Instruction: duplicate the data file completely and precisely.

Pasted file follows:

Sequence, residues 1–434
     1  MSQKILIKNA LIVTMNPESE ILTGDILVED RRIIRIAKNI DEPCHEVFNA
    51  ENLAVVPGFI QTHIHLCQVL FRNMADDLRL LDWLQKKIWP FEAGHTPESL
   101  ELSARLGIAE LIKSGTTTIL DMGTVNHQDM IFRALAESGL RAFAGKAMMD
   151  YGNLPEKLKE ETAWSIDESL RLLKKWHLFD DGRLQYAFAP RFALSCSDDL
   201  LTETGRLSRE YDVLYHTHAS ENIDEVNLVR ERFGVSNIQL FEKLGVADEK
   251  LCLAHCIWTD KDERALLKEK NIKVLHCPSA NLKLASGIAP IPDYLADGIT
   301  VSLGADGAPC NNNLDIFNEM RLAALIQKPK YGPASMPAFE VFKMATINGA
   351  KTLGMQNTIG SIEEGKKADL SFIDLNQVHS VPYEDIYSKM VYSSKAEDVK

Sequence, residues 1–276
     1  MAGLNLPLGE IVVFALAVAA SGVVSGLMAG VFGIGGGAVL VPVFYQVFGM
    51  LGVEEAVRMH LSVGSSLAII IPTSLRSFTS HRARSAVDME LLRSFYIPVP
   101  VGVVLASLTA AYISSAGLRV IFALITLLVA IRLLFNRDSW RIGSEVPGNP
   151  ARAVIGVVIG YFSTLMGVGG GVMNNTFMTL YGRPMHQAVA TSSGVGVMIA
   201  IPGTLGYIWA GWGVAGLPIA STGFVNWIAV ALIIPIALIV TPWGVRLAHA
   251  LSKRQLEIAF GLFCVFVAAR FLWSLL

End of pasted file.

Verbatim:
Sequence, residues 1–434
     1  MSQKILIKNA LIVTMNPESE ILTGDILVED RRIIRIAKNI DEPCHEVFNA
    51  ENLAVVPGFI QTHIHLCQVL FRNMADDLRL LDWLQKKIWP FEAGHTPESL
   101  ELSARLGIAE LIKSGTTTIL DMGTVNHQDM IFRALAESGL RAFAGKAMMD
   151  YGNLPEKLKE ETAWSIDESL RLLKKWHLFD DGRLQYAFAP RFALSCSDDL
   201  LTETGRLSRE YDVLYHTHAS ENIDEVNLVR ERFGVSNIQL FEKLGVADEK
   251  LCLAHCIWTD KDERALLKEK NIKVLHCPSA NLKLASGIAP IPDYLADGIT
   301  VSLGADGAPC NNNLDIFNEM RLAALIQKPK YGPASMPAFE VFKMATINGA
   351  KTLGMQNTIG SIEEGKKADL SFIDLNQVHS VPYEDIYSKM VYSSKAEDVK

Sequence, residues 1–276
     1  MAGLNLPLGE IVVFALAVAA SGVVSGLMAG VFGIGGGAVL VPVFYQVFGM
    51  LGVEEAVRMH LSVGSSLAII IPTSLRSFTS HRARSAVDME LLRSFYIPVP
   101  VGVVLASLTA AYISSAGLRV IFALITLLVA IRLLFNRDSW RIGSEVPGNP
   151  ARAVIGVVIG YFSTLMGVGG GVMNNTFMTL YGRPMHQAVA TSSGVGVMIA
   201  IPGTLGYIWA GWGVAGLPIA STGFVNWIAV ALIIPIALIV TPWGVRLAHA
   251  LSKRQLEIAF GLFCVFVAAR FLWSLL